Photo by Zuzia Whelan

Last Wednesday, in a space off James Joyce Street in the north inner-city, there was drama going on behind closed doors.

The white walls were papered with notes and research. Costumes and props spilled out from the corner on the other side of the room, not far from a mini-trampoline.

Fionnuala Gygax whispers part of a poem to the other three woman sat at a long table.

“Fuck hole, clap trap, love button, cock sock, […]

“Grab her by the …

“Grab her by the …”

Sound designer Jack Cawley tests out backing tracks.

That one is “a bit too pleasant”, he says.

It’s not the kind of music you associate with the objectification of women, says Danielle Galligan.

They keep at it while the other members of the newly formed experimental theatre company Chaos Factory get back to practising, ahead of their Dublin Fringe Festival show Kiss Kiss Slap Slap.

Galligan experiments with “the worm” on the floor. Rachel Bergin, the producer, looks up a Magic Mike stripper tutorial for research.

“If you see something enough, you become desensitized,” says Galligan, tying a pair of plaster-cast breasts to her own chest.

“That’s what you actually have to do, so that you don’t make a thing of it,” says Bergin to her, as Galligan manoeuvres her own body into the cast.

Costume, like language – both often explicit – plays a big part in the show, which melds movement and sound, rather than a simple narrative, even though it is based around real stories, drawn from the media, from friends, from music, or from personal experience.

“Cunt, cunt, cunt,”  says Fionnuala Gygax in a whisper, to the new backing track.

“I’ll never work in this town again,” she says, laughing.

She isn’t nervous about using the language in front of others on stage, she says. Early on, her research assignment had been to come up with as many derogatory words for vagina as possible, and she made them into a poem.

“By the end of the show, people will be so desensitized,” says Bergin.

Starting with the Body

About a year ago, Gygax, Galligan and their colleague Venetia Bow started to pay more attention to how the stories of sexual harassment that were dominating the daily news cycle were being presented by different media.

The #MeToo campaign made them want to tell these stories anew, says Gygax. “To open up a different tone to the dialogue.”

The show came first. The company followed, and Bergin joined as producer. Since then, they’ve had input from a dramaturge, which is a literary advisor or editor for theatre, and a costume designer, among others.

“We always start with the body, and what that represents,” says Galligan, of their methods.

Says Bow: “We’re not relying on text to express an idea. You can just rely on the body to convey a message.”

When that is paired with design, you can tell a specific story, says Bergin.

The four talk over each other at speed. They finish one another’s sentences and riff off half-started ideas.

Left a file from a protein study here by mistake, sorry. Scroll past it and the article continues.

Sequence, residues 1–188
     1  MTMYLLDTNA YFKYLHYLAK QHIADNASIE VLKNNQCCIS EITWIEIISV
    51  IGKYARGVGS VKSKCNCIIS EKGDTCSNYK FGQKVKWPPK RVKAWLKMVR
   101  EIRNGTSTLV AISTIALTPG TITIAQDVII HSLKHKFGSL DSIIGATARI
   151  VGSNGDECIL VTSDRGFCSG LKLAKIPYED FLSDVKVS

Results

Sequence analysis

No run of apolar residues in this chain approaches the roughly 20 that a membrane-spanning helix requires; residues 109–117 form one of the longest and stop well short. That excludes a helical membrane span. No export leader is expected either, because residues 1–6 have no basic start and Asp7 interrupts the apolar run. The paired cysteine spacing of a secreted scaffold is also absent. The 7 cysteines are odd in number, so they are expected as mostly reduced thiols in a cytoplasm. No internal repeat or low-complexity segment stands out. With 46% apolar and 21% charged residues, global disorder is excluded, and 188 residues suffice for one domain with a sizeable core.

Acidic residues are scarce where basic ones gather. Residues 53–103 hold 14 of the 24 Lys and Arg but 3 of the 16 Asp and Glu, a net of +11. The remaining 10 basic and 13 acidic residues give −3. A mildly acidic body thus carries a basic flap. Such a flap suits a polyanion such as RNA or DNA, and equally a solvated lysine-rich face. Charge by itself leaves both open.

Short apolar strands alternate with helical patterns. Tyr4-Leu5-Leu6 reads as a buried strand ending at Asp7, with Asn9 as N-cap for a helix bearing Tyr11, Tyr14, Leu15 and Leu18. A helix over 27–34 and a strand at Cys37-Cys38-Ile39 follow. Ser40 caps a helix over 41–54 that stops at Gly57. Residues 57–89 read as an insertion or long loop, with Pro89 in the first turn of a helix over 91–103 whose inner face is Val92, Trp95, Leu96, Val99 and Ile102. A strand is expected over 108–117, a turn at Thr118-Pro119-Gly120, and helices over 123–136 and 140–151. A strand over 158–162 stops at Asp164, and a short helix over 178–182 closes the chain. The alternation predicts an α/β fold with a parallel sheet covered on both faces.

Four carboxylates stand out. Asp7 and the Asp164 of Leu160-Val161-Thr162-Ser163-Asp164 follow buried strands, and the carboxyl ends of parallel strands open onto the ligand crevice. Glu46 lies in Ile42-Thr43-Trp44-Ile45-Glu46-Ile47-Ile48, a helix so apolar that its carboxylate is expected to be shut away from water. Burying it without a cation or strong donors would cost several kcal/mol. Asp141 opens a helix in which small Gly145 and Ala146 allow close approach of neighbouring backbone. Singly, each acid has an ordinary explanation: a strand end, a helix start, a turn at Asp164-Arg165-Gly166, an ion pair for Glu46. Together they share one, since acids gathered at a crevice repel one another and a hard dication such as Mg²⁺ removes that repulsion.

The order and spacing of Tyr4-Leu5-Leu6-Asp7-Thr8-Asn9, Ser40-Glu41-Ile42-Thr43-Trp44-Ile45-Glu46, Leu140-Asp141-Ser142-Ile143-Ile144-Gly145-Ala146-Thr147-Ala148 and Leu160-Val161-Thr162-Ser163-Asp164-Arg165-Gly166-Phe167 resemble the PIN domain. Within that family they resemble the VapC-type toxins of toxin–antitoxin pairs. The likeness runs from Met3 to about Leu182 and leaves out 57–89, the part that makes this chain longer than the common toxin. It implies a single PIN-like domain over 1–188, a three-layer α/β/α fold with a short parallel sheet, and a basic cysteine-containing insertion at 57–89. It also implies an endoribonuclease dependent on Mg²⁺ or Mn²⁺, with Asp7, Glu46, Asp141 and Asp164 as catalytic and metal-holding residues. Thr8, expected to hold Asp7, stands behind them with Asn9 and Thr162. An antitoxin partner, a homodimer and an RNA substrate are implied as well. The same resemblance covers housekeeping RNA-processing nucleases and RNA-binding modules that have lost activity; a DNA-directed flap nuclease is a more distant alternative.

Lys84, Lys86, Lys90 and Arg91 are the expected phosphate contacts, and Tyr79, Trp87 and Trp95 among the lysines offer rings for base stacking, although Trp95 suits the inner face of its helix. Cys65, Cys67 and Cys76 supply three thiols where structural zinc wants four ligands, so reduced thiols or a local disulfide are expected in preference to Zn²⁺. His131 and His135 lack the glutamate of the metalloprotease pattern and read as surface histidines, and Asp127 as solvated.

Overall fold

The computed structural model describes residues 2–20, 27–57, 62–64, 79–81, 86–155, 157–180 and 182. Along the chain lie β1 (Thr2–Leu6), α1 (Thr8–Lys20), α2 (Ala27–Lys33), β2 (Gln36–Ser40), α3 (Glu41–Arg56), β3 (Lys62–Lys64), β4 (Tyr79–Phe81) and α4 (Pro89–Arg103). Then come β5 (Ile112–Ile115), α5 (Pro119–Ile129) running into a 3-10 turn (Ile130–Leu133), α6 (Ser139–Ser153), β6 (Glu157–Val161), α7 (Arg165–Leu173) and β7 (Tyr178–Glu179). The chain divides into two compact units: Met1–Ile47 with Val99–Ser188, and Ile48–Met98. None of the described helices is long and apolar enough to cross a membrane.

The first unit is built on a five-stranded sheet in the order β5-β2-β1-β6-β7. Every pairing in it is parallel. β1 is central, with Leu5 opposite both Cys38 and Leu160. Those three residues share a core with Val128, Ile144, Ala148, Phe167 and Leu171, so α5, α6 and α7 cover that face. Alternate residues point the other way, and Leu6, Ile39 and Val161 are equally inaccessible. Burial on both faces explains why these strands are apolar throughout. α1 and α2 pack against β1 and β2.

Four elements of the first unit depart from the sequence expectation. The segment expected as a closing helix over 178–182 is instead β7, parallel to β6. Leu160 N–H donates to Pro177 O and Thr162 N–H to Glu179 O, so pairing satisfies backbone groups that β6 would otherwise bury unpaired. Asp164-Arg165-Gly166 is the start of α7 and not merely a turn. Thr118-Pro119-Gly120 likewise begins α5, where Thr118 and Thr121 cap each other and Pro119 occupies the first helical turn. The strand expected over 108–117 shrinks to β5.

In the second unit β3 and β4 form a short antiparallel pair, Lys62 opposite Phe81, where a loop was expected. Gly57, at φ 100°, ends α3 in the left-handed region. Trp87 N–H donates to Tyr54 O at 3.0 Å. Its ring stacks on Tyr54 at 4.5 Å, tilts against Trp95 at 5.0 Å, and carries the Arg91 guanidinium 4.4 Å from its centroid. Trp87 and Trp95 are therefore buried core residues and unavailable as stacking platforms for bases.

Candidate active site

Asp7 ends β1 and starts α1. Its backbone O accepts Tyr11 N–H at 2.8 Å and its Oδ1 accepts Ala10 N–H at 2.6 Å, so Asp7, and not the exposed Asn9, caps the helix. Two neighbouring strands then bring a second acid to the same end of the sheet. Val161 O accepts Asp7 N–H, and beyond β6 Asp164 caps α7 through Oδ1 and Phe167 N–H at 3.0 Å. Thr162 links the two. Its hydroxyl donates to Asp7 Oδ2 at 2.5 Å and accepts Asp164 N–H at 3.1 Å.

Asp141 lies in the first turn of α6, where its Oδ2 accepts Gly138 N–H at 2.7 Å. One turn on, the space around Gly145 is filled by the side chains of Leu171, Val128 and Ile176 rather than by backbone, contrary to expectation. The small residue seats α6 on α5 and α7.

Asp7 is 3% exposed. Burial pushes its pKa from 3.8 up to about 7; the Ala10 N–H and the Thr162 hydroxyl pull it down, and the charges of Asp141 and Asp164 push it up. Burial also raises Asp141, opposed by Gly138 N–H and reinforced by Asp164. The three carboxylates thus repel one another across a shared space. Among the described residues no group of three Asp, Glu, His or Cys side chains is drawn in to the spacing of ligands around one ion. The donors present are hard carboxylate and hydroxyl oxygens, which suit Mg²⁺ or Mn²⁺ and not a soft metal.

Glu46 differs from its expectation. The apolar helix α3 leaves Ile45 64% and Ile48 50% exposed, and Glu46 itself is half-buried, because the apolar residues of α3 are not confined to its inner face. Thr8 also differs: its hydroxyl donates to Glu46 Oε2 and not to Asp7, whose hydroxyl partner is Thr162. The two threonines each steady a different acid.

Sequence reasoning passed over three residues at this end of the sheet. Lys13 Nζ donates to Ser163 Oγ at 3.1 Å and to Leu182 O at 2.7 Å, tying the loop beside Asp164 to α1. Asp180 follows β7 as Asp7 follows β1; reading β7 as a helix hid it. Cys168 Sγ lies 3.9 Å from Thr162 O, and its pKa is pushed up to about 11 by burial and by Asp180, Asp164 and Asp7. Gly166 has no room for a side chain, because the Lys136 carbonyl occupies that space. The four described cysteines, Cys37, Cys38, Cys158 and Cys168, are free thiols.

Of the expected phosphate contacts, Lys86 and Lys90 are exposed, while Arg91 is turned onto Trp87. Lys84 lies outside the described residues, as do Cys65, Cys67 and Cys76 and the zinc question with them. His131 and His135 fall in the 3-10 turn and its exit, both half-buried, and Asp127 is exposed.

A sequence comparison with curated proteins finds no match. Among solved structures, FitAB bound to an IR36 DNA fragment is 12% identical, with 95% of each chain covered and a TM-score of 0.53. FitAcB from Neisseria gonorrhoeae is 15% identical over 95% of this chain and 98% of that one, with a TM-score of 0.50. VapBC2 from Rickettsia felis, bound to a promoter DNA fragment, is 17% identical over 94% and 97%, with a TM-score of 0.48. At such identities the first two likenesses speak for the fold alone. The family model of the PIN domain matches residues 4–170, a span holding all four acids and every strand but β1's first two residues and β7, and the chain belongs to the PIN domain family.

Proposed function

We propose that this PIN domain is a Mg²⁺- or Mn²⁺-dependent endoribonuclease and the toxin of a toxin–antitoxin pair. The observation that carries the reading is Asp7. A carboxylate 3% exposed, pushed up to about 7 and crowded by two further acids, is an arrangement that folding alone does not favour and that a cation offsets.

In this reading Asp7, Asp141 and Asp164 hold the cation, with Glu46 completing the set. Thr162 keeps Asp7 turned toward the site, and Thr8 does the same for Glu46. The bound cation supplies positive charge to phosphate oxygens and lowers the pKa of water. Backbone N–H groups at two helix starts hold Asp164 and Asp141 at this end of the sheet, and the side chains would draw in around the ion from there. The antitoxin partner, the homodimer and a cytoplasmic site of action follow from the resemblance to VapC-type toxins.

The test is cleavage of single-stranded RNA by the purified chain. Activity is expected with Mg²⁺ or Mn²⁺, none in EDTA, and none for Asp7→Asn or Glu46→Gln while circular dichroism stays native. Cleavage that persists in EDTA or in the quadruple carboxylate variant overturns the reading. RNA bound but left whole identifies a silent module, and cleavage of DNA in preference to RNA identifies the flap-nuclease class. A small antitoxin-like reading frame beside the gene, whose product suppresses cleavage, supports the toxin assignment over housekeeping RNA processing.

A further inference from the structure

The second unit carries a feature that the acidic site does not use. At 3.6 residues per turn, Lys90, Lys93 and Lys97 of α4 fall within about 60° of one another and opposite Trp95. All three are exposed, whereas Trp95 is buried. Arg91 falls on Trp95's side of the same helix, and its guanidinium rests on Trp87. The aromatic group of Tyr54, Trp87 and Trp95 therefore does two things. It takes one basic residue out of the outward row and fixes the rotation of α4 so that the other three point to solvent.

“There’s an honesty in the body. You can’t hide behind words. It’s very exposing,” says Galligan.

The show, driven by these forces, as well as dance and performance, examines how “the small, everyday gestures of rape culture can build to something more sinister”, says Bergin. “It’s very episodic. It’s not a straightforward topic.”

The play is full of questions, but there’s no final answer.

That’s what they want to do – to ask questions and hover a “magnifying glass” over those everyday events people often walk past, says Bergin.

“It’s a societal problem we all need to work on,” says Bow. “We can all fit the witness, the victim, or be complicit.”

They don’t speak for everyone, says Galligan. They’re just offering a different perspective.

“It’s about sexuality, as opposed to sex. And how sexuality is used against people,” says Bergin, highlighting a crucial question in the play.

Says Bow: “How does a woman embrace her sexuality without being called a slut?”

Says Galligan: “How do women enjoy their body without being sexualized?”

Trying to convey those questions on stage is not without its challenges, they say.

Dressing Up

“With some costumes, are we perpetuating, or empowering? That’s a question we’re constantly asking,” says Gygax.

Galligan and Bow both wear plaster breasts and buttocks and white, expressionless masks. Gygax tries on a Hugh Hefner-style silk robe.

Masks and costumes aren’t just about masking, says Galligan. They’re also about abstraction.

In this show, the cast will never represent anything literally, says Bow. And humour is an important gateway, she says.

“When we use language we’re using it for a specific reason. It’s a bombardment,” says Gygax. “In the poem, it sounds funny almost.”

They’re hammering home how the words used so commonly to describe women’s bodies are ridiculous, says Galligan. “All those words exist already, so we have to go this far, because others have already.”

There’s no intention to outrage or scandalise.

“It’s to look at the outrageous—, says Bergin.

— and to reframe it,” says Galligan.

Even so, the background work could get tough at times.

“It’s disappointingly easy to get research for this,” says Galligan.

“It’s everywhere,” says Bow.

With two weeks to go, there’s still work to be done and the final layer is yet to come. “The audience will change it; it’ll create a vulnerability,” says Gygax.

“But as long as we can stand by our intention for the show, I’m not worried about how risky it is,” she says.

Kiss Kiss Slap Slap is scheduled to run at Smock Alley Theatre from 11 to 15 September at 7pm each day as part of the Dublin Fringe Festival. 

Zuzia Whelan is a city reporter for Dublin Inquirer.

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